In the early 1990's comparisons were made between the costs of installing stainless steel NER's. Earlier Electricity Regulations [1997.6 Comparative Costs For any given installation it is necessary to estimate the total cost of each alternative type of resistor or reactor. arranged in a bridge type format. installed. for use in New Zealand on the 11kV network. either directly or though an NER. which would include reliable connection of the star point to earth either directly or via an impedance. These showed liquid resistors to be the most expensive and ceramic resistors the least expensive. with allowance for the on-going maintenance charges. The maintenance of these units is similar to that of a normal distribution transformer. most NER's installed in New Zealand over the last 8 years have been stainless steel. Indicative costs for installing a stainless steel NER are given in Appendix D.2 (a)).84(6)(b)] required impedance earthed systems to be so arranged that even if part of the connection is switched. An unforeseen open circuit in any part of the NER can only result in a change of resistance or reactance value the transformer neutral will remain earthed. In considering some designs (primarily air cored outdoor reactors) some allowance should be made for the cost of the space required. transformer) oil. Disconnection. and also are costly to repair if winding insulation is damaged because of neutral point over-voltage. The Electricity (Safety) Regulations 2010 require every earthing system to be designed. Liquid resistors will generally be the most expensive alternative. 7.4.5 Design for Reliability It is essential that the neutral point of the supply remains earthed at all times. . operated. ceramic or metallic grid. with an arrangement with reactors (air then oil) next. This means that the mechanical integrity of any equipment forming part of an NER is of utmost importance.e.33 7.2. The lowest cost solution is likely to be a solid resistor. for all foreseeable conditions. As consequence. However there are very few manufacturers world-wide for ceramic resistors. whereas stainless steel resistors are much more readily available in New Zealand. to provide a high level of inherent reliability in the operation of the NER (see example in Figure 8. 7. or open circuit failure of an NER can have serious consequences for power system equipment. the star point remains connected to earth either directly or via an impedance at all times.2 Oil Insulated Reactors In this case air cored coils are immersed in a steel tank containing normal insulating (i. Electricity Industry Companies have so far preferred to use NER's comprising a parallelseries connection of resistor elements. Power transformers are expensive items. Ceramic type NER's and Water resistor NER's. and maintained to ensure earthing performance objectives are met.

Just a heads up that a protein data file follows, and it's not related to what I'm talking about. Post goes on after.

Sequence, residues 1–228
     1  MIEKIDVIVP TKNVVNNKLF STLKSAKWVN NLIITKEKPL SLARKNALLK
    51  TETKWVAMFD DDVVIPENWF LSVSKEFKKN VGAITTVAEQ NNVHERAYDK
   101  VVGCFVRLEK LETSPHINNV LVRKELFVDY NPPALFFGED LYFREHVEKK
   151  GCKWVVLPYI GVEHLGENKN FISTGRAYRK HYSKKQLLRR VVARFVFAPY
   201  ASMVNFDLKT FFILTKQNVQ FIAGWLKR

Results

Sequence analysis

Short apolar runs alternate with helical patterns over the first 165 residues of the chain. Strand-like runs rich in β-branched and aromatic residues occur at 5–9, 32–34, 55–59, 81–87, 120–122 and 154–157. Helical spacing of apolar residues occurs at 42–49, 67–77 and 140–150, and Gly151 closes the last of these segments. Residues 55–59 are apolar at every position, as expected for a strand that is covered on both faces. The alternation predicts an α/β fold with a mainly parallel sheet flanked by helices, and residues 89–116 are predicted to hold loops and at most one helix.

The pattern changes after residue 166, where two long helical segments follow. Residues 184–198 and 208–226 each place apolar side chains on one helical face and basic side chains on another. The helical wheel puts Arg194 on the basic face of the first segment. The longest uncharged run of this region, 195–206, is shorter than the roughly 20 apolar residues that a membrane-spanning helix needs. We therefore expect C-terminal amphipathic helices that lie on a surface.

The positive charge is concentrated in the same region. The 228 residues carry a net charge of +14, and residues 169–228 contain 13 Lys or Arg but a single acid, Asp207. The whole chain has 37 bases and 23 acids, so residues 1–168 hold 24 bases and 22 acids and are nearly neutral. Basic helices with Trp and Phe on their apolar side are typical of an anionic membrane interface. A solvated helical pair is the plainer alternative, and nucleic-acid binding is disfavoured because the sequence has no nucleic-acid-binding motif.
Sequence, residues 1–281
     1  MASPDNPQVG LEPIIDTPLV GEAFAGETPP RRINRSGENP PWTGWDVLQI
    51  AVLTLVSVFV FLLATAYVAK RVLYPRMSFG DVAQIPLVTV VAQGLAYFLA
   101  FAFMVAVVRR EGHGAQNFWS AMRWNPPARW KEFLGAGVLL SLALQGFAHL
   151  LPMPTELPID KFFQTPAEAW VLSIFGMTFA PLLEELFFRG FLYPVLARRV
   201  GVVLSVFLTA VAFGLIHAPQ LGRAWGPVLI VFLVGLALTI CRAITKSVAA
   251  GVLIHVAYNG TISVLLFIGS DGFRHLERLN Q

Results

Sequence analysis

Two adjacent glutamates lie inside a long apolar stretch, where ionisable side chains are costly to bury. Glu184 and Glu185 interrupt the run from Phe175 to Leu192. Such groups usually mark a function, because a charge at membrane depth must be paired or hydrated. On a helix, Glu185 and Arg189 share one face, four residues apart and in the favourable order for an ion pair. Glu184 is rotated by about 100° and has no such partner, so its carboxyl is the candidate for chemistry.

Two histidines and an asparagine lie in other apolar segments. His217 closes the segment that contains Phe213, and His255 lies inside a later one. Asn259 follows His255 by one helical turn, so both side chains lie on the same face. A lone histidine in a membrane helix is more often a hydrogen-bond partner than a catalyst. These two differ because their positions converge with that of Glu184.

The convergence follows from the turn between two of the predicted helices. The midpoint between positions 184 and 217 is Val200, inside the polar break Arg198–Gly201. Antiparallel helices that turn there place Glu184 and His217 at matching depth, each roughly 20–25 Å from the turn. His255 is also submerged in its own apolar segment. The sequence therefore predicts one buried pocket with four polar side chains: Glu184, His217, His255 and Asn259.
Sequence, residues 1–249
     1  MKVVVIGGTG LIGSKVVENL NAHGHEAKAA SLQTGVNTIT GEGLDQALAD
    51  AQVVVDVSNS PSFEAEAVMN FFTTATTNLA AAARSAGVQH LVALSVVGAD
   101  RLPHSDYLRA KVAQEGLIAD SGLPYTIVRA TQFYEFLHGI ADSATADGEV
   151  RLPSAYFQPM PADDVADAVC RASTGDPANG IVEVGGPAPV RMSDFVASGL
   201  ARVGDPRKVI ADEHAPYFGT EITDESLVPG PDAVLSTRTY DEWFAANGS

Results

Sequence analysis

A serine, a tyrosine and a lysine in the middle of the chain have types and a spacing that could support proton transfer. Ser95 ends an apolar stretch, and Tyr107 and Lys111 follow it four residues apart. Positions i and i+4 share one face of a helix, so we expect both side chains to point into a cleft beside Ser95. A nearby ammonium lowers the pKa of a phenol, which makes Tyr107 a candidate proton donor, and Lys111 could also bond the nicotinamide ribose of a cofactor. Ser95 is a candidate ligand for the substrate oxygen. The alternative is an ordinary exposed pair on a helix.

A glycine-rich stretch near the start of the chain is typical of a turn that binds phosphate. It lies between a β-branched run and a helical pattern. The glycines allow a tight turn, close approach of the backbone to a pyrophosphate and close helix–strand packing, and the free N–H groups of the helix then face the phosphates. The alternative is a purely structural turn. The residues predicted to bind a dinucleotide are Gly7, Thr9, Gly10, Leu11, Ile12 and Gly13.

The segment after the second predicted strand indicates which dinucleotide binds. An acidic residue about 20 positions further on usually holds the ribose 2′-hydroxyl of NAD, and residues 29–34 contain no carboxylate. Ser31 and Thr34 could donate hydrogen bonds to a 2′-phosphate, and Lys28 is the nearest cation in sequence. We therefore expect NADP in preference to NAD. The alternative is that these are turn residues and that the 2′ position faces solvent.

34 Table 5 .

35 Table 5 contd .

36 Table 5 contd .